Third of disability centres ‘failing on safeguarding standards’
Hiqa report finds improvement in disability care centre sector over last five years
State agency Hiqa carried out 743 inspections last year
Nearly a third of centres for people with disabilities are falling short of safeguarding standards for residents, a Health Information and Quality Authority (Hiqa) review has found.
The watchdog published a five-year review of disability centre inspections on Tuesday.
Hiqa said overall the sector was not compliant with almost a quarter of regulations at the end of last year.
However, over the past five years inspectors had seen a “significant shift towards compliance” with standards, the report said.
The State agency carried out 743 inspections last year. It has powers to effectively close substandard facilities if repeated and serious failings are not addressed.
In November 2016 binding new regulations for the sector were due to be introduced. However, due to concerns nearly 350 centres would fall significantly short of the standards and be ordered to close, the deadline was extended by two years.
“Almost one in three centres inspected failed to ensure that residents were adequately safeguarded at all times in 2018,” the report said.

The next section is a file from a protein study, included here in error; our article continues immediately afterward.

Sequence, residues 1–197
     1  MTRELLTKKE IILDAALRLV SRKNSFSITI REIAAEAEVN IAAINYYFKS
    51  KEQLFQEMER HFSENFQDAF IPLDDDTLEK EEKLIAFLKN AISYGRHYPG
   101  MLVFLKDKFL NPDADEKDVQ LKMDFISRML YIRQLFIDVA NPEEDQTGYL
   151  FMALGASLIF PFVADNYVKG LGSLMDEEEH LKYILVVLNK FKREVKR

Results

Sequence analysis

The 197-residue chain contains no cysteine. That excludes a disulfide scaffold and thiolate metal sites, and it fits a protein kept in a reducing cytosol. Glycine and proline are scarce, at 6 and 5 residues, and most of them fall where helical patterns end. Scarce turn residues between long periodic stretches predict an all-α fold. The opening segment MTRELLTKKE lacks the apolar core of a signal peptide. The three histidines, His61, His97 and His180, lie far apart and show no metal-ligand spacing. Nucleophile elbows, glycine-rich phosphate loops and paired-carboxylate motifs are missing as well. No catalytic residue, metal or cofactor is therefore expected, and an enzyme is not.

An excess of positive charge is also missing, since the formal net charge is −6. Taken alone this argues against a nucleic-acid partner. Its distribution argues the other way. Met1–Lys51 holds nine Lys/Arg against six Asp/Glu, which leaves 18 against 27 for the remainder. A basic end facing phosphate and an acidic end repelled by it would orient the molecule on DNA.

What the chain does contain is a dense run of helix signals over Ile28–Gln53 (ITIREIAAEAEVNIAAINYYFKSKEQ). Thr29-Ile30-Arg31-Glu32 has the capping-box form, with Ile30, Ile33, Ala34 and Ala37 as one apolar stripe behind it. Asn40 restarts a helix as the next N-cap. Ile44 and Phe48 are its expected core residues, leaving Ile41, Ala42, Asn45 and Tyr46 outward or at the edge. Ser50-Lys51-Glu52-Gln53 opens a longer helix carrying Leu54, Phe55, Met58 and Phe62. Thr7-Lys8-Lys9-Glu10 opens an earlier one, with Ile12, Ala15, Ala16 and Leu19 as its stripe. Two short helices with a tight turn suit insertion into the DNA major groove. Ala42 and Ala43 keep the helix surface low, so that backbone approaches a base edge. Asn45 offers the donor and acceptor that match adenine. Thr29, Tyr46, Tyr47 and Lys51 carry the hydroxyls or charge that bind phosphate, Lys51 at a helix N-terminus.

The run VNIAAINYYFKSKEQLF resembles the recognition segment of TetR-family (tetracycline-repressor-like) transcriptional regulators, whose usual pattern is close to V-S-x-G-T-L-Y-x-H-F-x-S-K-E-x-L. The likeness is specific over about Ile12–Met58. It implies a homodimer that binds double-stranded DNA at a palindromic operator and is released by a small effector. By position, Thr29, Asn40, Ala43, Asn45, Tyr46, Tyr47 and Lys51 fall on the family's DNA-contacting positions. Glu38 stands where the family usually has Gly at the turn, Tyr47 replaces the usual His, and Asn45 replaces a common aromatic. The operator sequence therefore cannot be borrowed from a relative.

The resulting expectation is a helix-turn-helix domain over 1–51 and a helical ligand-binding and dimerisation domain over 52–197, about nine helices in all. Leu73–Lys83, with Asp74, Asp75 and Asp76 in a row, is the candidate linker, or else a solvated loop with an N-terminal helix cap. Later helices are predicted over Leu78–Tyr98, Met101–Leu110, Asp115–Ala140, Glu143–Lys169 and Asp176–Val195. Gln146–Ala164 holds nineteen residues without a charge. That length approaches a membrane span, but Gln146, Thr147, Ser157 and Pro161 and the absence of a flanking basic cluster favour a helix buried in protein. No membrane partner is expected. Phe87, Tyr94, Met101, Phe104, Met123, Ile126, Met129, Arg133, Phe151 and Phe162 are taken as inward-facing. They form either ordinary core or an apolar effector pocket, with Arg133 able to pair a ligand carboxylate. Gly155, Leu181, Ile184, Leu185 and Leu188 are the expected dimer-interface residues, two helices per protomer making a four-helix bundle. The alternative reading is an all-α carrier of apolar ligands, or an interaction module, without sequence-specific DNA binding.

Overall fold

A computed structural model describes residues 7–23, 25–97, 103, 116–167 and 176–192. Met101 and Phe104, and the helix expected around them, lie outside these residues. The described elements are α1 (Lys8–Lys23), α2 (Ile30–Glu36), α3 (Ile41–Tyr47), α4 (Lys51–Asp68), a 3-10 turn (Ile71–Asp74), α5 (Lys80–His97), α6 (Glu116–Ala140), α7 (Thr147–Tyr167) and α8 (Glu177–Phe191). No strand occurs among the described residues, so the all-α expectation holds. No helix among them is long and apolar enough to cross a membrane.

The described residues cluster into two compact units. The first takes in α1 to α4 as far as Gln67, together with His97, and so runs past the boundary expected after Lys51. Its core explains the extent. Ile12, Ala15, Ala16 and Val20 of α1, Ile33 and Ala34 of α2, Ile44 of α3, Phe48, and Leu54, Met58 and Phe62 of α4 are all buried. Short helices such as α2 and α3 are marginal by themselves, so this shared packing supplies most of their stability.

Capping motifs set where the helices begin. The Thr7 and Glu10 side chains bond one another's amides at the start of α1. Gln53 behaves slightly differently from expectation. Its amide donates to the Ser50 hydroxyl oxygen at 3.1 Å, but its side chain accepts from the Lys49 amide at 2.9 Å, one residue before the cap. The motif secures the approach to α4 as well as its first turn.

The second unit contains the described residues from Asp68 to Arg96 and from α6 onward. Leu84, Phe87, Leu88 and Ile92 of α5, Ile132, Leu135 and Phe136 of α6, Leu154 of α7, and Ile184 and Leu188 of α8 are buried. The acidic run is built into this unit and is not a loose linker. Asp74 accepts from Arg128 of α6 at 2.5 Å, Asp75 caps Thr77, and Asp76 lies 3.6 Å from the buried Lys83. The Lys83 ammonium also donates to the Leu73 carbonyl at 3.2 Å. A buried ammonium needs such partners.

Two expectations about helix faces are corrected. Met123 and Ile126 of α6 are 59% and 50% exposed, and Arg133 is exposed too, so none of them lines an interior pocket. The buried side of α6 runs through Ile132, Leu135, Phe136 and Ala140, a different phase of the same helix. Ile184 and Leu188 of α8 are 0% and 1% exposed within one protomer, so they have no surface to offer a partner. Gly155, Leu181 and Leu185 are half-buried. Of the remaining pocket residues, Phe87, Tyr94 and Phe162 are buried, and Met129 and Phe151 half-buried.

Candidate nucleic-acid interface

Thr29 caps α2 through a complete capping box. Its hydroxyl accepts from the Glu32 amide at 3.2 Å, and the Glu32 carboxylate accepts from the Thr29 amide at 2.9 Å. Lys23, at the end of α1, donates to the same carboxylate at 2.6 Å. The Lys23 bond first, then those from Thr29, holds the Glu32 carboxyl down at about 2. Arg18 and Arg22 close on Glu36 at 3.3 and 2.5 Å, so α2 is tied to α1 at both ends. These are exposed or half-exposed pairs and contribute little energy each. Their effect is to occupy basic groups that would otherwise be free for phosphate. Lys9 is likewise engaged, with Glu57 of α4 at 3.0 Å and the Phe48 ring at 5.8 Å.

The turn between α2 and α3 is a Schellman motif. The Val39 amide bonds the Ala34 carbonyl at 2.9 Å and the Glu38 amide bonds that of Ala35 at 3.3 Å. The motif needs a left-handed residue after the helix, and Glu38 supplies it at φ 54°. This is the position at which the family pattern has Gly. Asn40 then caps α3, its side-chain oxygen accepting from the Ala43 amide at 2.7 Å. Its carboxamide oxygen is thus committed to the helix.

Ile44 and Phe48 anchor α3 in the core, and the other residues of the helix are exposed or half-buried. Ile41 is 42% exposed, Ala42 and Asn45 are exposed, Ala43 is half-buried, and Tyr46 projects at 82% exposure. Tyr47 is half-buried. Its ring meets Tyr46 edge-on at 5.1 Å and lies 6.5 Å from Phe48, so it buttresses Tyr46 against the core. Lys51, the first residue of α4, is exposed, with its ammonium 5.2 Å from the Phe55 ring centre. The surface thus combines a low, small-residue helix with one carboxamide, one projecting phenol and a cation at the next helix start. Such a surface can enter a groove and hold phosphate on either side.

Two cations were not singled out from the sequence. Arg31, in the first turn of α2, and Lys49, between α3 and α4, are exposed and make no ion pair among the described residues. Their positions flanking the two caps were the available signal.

One common problem was tensions between residents living together in centres that did not have private rooms, the report said. “This may result in verbal and or physical aggression between residents due to their incompatible living arrangements,” it said.
The report criticised the lack of specific safeguarding legislation to cover vulnerable adults, compared to existing child-protection laws.
Where Hiqa find a centre is not complying with standards, it can issue warning letters and then send notices proposing to cancel that facility’ registration.
Over the past five years, Hiqa served 68 notices to cancel registrations due to failings. In 51 cases the notices were withdrawn following improvements, the report said. In 10 cases the regulator followed through and removed the centres’ registration.
At the end of last year, 117 disability centres had conditions put on their registration to operate, requiring them to fund capital improvements and renovations.
In recent months Hiqa has warned Minister for Health Simon Harris nearly 80 State-run disability centres were at risk of closure due to their premises failing to meet standards.
Hiqa chairman Pat O’Mahony wrote to Mr Harris to warn existing funding to improve centres would not be adequate to address problems, which mainly relate to overcrowding and fire-safety concerns.
Despite financial pressures on the health service, Hiqa has informed the HSE it cannot adopt a softer line inspecting facilities where improvements to premises are required.
The Hiqa report also found little improvement in governance and management standards in the sector, with rates of major regulatory non-compliance increasing from 11 to 12 per cent over the five years.
Mary Dunnion, Hiqa chief inspector of social services, said regulations governing the sector were just the “basic level of service” expected to be provided.
Ms Dunnion said the agency had been informing the HSE of problems with inadequate premises in State-run centres for the last four years.